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Local government finance reformed

The product of a long reflection on the subject, we put forward for discussion this radical proposal for local government reform.

Local government finance has been a festering political sore for at least the past hundred years. A difficulty with any form of local taxation is that resources and needs do not match. Consider, on the one hand, the London boroughs of Westminster, and on the other, boroughs such as Haringey, Lewisham and Newham, just outside the central area. In Westminster are to be found Parliament, major centres of shopping and employment, and some of the most sought-after residential areas of the capital. The latter boroughs include some of the poorest people in the land. In Westminster, there are many possible taxes that would easily raise sufficient revenue to pay for public services, and probably at quite a low rate. In Haringey, Lewisham and Newham, there is no possible tax that could produce the revenue. This problem is usually described as a mismatch of needs and resources. It has usually been solved by some kind of equalisation scheme in which funds are collected centrally and redistributed according to need, using some formula or other.

Land value taxation would suffer from precisely the same problem if used as a local tax, and it is for this reason that were have come round to the view that the rate of LVT should be set nationally. This raises questions about how local services should be paid for.

A radical proposal

We put forward for consideration the suggestion that, with the introduction of LVT, tax-raising powers be removed from local authorities altogether, leaving them only with service charges as an independent source of revenue.

Services provided by local authorities to national standards could be fully funded from a national LVT fund; examples include classified roads, police and fire services, education and social services.

Local authorities would in addition receive a capitation payment, paid from out of the national LVT fund, based, in principle, simply on the number of residents living within their boundaries. Councils would be free to spend this as they wished.

What about accountability?

Where does this leave accountability? Supporters of local taxation argue that local authorities have the right to have all publicly funded projects paid for by local LVT. If a local council decides to build a school, or road, or sewage works – then the funding should, they argue, come from LVT raised locally. But why should it have to? If local authorities have a sufficient allocation of money to spend at their discretion, they will not have to go ‘cap in hand’ to another level of government.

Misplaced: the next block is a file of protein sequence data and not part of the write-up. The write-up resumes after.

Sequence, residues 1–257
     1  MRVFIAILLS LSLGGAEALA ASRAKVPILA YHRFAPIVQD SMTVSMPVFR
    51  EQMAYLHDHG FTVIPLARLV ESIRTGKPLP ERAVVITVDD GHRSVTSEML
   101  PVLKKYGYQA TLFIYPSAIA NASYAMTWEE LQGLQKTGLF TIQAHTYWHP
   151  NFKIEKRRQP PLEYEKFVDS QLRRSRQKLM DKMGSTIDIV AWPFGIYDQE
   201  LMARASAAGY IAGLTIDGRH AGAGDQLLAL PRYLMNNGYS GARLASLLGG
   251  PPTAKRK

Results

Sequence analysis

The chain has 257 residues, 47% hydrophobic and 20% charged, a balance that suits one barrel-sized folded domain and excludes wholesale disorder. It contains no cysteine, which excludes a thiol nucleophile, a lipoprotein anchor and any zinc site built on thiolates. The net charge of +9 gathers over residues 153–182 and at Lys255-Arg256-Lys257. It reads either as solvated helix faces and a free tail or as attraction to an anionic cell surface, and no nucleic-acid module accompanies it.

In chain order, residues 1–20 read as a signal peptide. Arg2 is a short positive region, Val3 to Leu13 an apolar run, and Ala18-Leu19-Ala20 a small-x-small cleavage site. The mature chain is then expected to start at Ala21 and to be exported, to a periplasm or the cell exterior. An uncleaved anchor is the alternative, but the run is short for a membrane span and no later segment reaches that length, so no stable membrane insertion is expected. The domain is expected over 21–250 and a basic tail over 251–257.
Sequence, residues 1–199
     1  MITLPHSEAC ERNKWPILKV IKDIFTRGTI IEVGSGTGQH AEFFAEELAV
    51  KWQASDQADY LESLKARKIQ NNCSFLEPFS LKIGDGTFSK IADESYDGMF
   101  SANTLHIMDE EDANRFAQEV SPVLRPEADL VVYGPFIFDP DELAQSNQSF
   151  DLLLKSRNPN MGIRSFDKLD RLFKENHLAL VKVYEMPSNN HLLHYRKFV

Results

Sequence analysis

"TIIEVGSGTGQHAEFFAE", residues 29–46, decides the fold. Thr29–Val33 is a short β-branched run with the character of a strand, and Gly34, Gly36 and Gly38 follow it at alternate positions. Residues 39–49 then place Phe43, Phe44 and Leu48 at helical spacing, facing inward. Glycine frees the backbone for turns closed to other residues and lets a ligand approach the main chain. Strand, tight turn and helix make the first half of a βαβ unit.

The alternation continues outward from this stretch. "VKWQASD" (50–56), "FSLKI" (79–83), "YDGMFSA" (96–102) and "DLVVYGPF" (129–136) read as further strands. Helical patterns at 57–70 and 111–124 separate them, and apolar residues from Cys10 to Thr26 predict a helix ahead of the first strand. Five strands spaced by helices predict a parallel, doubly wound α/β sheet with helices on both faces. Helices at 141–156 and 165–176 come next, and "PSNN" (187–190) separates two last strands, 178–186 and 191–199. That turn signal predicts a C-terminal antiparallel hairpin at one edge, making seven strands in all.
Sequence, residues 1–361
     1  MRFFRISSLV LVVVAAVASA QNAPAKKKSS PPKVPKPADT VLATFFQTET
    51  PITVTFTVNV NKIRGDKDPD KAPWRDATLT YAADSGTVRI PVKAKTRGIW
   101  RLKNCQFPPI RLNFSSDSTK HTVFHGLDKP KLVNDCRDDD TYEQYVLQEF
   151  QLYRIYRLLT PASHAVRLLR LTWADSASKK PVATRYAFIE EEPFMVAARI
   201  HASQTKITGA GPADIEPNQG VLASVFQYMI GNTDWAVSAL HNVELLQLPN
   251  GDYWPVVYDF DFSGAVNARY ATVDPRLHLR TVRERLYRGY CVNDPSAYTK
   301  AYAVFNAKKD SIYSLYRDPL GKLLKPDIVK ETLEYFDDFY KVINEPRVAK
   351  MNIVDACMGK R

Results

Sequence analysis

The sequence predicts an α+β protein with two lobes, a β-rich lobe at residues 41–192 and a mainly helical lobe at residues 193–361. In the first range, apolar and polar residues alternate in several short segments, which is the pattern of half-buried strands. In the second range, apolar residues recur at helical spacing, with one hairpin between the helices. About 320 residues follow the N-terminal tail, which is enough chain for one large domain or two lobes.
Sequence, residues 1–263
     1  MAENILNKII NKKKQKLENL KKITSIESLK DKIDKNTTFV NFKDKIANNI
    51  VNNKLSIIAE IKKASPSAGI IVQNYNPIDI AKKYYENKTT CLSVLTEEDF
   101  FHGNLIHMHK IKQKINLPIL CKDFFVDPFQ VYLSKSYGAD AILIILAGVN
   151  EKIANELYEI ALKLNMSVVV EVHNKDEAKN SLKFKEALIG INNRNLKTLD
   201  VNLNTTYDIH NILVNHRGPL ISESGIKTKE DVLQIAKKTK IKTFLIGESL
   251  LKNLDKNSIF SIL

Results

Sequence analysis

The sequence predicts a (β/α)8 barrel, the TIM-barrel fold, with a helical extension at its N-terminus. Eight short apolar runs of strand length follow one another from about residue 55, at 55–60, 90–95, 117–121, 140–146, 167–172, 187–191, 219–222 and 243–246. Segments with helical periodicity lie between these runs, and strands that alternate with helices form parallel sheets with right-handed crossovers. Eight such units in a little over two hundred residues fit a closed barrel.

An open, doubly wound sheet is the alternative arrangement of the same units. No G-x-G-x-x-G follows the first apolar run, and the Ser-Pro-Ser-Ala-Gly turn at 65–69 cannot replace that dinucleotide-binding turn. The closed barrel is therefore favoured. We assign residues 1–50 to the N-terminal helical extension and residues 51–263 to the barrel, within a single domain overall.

Does a system of capitation payments remove accountability, and if so, how? Surely the accountability arises in relation to how the funds are spent?

Another mistaken argument is that “He who pays the piper should call the tune”. This is certainly not the case in relation to LVT. Land values belong to the entire community from the outset, as of right. No-one is paying the piper. That is the whole point of LVT.

So are locally set taxes a prerequisite for local democracy? And again, if so, why? Surely it is locally determined spending that must be democratic? If local authorities have their pot of money they can decide how to spend it, to pay for those things which local government is not obliged by central government to do – but which democratically elected politicians want to do.

There is one exception to this general principle. Local authorities can influence land value by their own activities. Urban improvement schemes enhance land value. Parking and congestion charges cut into land value. The latter effect can be minimised by requiring that the revenue from such charges be spent on transport improvements, thereby sustaining and enhancing land value.

To ensure that that local authorities have an incentive to carry out projects such as urban improvement schemes, a share of their local land value should be returned to them. How this can be achieved in an equitable way is something that needs more thinking about.